One of the most productive techniques for caching big bass in the spring is sight fishing.
But how do you find the biggest bass in clear water? After all, the big ones didn’t get big by accident. They’ve been able to find their meals better than most, and avoid predators like bass fisherman with fancy tackle and 21 foot bass boats! Pretty smart.
So how do you outsmart the smart ones? Read on and I’ll give some tips to help you do just that.
Read The Water
A big key in sight fishing is to learn to “read the water”.
Reading the water can be important for lake or pond fishing, but come in especially handy when fishing the shallow waters of rivers or streams.
Bass Fishing Basics: What to Look For
- Look for movement. The big ones tend to swim off. There are very few times where you can roll up on a bed, with your trolling motor going, and the big ones stay in place.
- If you must keep your trolling motor on, keep it on at a constant rate. Fluctuations are more likely to spook a bass – so keep it steady.
- Look out from the front of the boat. If you’re looking down, just off the side of the boat with tunnel vision, then the fish have usually already swam off.
- If you do see something green, look for other green things. A common mistake is to become fixated on a single fish for way too long when there may well be others nearby that are ready to bite.
- Once you see that bass swim away, wait. It might take a minute or so, but often times the bass will swim back. If so, you may have just found a bed and with time you can catch that bass.
Searching For A Bass Bed
It’s only natural to think that while you’re sneaking up on a fish, or at least trying to move to within casting range, that if you manage to spook it, it’s gone forever.
For all you know, the fish has hightailed it across to the other side of the pond, where it will stay until darkness sets in and it’s time to come home.
Bass are homebodies at heart. This is especially true when they are spawning, as the bed is located in a safe and protected spot.
They don’t spend all of their time cruising about the water to see what’s happening at the other end. They have more important things to do!
Bass tend to stay close to where a food supply is and where they feel protected. Here are my 5 key elements on how to use this fact to catch big bass
Five Key Elements: How To Catch Bass
Key #1 – If you spook a fish away, be patient. It will eventually return.
Key #2 – If you can locate the bed, you’ll know where it will return too.
Key #3 – You can out-wait it. After all, you are the patient one if the bass is large enough for the wait. I try not to waste time on small bass, especially in tournaments.
Key #4 – Try to wear light colored cloths, like greens, browns, light blues and even white or black could work. For sure stay away from bright colors, such as, yellows, oranges and neon colors. This will really help the bass not see you as well
Key #5 – Once the fish returns, you’ll have to sneak up on it again, but be quieter this time. It’ll likely be back to its bed.
This brings up a good question. How do you go about finding a bed?
There are different ways to go about it, but in all cases, you first have to spot a fish, which is easiest when the bass are shallow, of course. This will usually be the case since we’re really talking about fairly shallow water here when sight fishing for spawning bass.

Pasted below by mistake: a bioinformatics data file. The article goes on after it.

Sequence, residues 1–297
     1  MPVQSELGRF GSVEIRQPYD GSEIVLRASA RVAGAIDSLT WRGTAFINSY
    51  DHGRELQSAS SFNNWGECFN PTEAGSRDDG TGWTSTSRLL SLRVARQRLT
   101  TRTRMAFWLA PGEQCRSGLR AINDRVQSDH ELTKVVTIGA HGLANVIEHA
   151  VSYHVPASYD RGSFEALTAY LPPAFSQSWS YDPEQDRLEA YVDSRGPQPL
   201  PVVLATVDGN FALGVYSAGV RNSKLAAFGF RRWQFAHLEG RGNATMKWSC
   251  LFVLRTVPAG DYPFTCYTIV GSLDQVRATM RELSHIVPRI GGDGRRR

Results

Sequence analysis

Fish remain near their bed, where they often prefer to be, and you may see one or two of them swimming in the vicinity.
The bass has left the cozy confines of their bed – at least for the moment. In this case, once you spot your bass, your next assignment is to see where it came from. You need to retrace its steps (or whatever a fish makes). It usually won’t be a wake, so pay attention to .
What I typically do is just look for a spot that is protected from the elements, that is fairly shallow, and that has a hard bottom, consisting of sand or gravel.
Bass usually don’t like mud – they tend to lose too many eggs.
If you happen to come across such a spot, and happen to see a fish at the same time, you may be in luck.
Once you’ve located a likely spot, back off a ways and begin to cast. If you think you might have scared the fish off, wait a bit – and be ready to pounce.
What To Look For To Find A Bed
Most of the time, you’ll find a bed in only a few feet of water. This is especially true if the water is a bit murky.
- Bass will avoid bedding in a heavily shaded area however as the eggs won’t incubate in a deeply shaded location.
- If the water is super clear, bass will go deeper, but seldom more than about 15 feet.
- I’ve heard of bass spawning in 10 and even 20 foot!
- A bed isn’t merely a location. It has its own unique look, but most have certain things in common.
- A bed is in a sense constructed, or at least debris has been cleared away. In nine cases out of ten, a bed will be lighter than its immediate surroundings.
- A bed also tends to have a somewhat circular shape. If you spot a light circular spot on the bottom of the pound, you’ve probably come across a bed, whether you see fish nearby or not.
Good place to stick around for a while, especially if you see bass cruising around. Often times, as the day warms up, those cruising bass will lock onto a bed and be much easier to catch!
Successful sight fishing takes some practice. One thing you have in our favor is the fact that bass are great protectors of their nest and offspring, so we can use that to our advantage.
Remember to look for green shadows and black tails moving around, look for sunny banks with sand and be ready to find a bunch of spawning bass!